4 Amazing Amazon Technologies (and One Bomb)

Amazon.com Inc. (AMZN) went live in 1995, and ever since, the Seattle-based company has systematically revolutionized the way people consume. Its founder, Jeff Bezos, decided in 1994 that he would start the company so he never had to look back with regret over not capitalizing on the dotcom boom.

Now he's the richest man in the world.

Key Takeaways

  • The Amazon Dash Button lives on in virtual form.
  • Amazon Fresh has expanded to more than 5,000 cities and towns.
  • Amazon Prime Air aims to deliver by drone in 30 minutes.
  • Fire TV has a substantial share of the streaming device business.

Though his launching of the business was random and impulsive, Bezos has since been methodical in building his brand. During the 21st century, Amazon has led the way on many technological fronts, from cloud computing to e-readers, online grocery shopping, video streaming, and gaming. Most are, not incidentally, ways to receive, consume, and store information, entertainment, and products that are sold by Amazon. And the company has a host of new technologies in its pipeline, working their way through various stages of development.

1. Amazon (Virtual) Dash Button

When Amazon announced its new Dash Button technology in late March 2015, the idea seemed so far-fetched that many took it as an April Fools' joke. The company had to issue a statement clarifying that the device was real.

The Dash Button began its life as a single-function controller about the size of a pack of gum that Amazon Prime members could place around the house. Each button corresponded to a household necessity by brand name. The user just pressed the Dash Button to reorder detergent or razor blades.

Sometime in the near future, Amazon hopes to deliver Prime orders in 30 minutes flat using unmanned drones.

Amazon discontinued the physical devices in 2019. It continues to support the buttons that are in place, including some that were installed in appliances by their manufacturers.

The company said it sold millions of the Dash Buttons, at $5 each. But it apparently feels that its Alexa voice assistant supplanted the functions of the buttons. The name and design live on in Virtual Dash Buttons, a reorder page that lists past purchases for one-click ordering.

2. Amazon Fresh

Online grocery shopping dates back to the 1990s. Amazon, however, is the only company that has managed to achieve lasting success with this business model.

Its Amazon Fresh subsidiary allows users in certain geographic markets to place grocery orders from the company's expansive inventory of fresh produce, brand-name packaged goods, and Amazon-branded ready-to-heat and ready-to-eat meals. A truck delivers the order in two hours.

The service launched in 2007 in the Seattle suburbs. Since 2013, the subsidiary has been expanding quickly and now reaches more than 5,000 cities and towns. Amazon's purchase of Whole Foods in 2017 expanded the service's product line.

3. Amazon Prime Air

Sometime in the near future, Amazon executives say, customers will be able to receive their Prime orders in 30 minutes flat, and the company won't have to break any speed limits to get there.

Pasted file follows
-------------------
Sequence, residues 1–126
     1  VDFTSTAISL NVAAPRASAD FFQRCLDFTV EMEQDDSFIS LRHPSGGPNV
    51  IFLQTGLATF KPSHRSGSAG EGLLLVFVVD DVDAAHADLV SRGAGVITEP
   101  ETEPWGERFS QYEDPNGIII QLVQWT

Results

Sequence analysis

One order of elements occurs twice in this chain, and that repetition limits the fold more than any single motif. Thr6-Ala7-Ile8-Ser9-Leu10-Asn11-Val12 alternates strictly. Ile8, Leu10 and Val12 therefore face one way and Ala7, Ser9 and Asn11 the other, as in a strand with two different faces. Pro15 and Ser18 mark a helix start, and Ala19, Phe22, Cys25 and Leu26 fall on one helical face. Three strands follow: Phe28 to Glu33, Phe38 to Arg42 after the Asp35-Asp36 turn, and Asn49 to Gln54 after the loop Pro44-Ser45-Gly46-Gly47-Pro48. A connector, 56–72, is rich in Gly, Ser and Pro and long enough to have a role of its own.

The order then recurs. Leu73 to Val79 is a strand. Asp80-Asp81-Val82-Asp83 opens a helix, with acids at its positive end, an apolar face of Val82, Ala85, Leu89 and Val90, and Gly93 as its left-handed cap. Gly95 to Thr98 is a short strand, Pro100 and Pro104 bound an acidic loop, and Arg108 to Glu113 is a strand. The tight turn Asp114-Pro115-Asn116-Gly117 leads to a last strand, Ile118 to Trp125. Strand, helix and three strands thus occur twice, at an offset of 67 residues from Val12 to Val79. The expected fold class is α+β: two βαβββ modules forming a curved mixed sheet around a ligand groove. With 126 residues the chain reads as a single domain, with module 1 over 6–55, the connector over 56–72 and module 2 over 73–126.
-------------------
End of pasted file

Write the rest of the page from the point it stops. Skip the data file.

The company's secret is unmanned aerial vehicles, also known as drones. While these devices remain shrouded in controversy, the company is optimistic that people will view drones that bring them things they want in a more favorable light than drones used for spying or deploying weapons.

As of July 2021, this wasn't yet a clickable option, but the company has Prime Air development centers up and running in the U.S., U.K., Austria, France, and Israel.

4. Amazon Fire TV

Fire TV is Amazon's response to similar products from competitors, such as Apple TV and Roku. The product is gobbling up market share quickly. By mid-2019 it had more than 34 million active users.

The streaming industry measures market share separately for the box and the stick. In the U.S., Amazon's Fire TV box had a 28.5% share of the market but 57% of the market for sticks.

Its versatility has garnered rave reviews from industry analysts: A Fire TV box streams live TV and allows users to watch hundreds of queued shows and movies. It is also a popular and well-received gaming device.

5. Amazon Fire Phone

Even Amazon can't win them all. In July 2014, the company made its first push into the smartphone market with its launch of the Amazon Fire phone.

It seemed like a natural: The device ran the same operating system, Fire OS, as the company's popular Kindle Fire e-reader. It had a raft of innovative features, such as Dynamic Perspective, which created the appearance of depth, and Mayday, a 24-hour customer service app. The phone was capable of downloading and running any app designed for Google Android. And, naturally, it had useful tie-ins to Amazon shopping services.

It bombed. Little more than a year later, Amazon discontinued the Fire Phone, and it hasn't ventured into that territory since.

Article Sources
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  1. CNBC. "At Age 30, Jeff Bezos Thought This Would Be His One Big Regret in Life."

  2. Bloomberg. "Bloomberg Billionaires Index."

  3. Amazon. "Prime Day Delivered the Two Biggest Days Ever for Small & Medium-Sized Businesses in Amazon’s Stores Worldwide, Growing Even More than Amazon Retail, and Members Saved More than Any Previous Prime Day."

  4. TDG Research. "Fire TV Tops Roku in Total Active Users."

  5. CNET. "Amazon Stops Selling Dash Buttons, Goofy Forerunners of the Connected Home."

  6. Amazon. "Amazon and Whole Foods Market Announce Acquisition to Close This Monday, Will Work Together to Make High-Quality, Natural and Organic Food Affordable for Everyone."

  7. Amazon. "A Drone Program Taking Flight."

  8. Amazon. "Amazon Prime Air."

  9. Amazon. "Fire, First Smartphone Designed By Amazon, Now Available At AT&T And Amazon."

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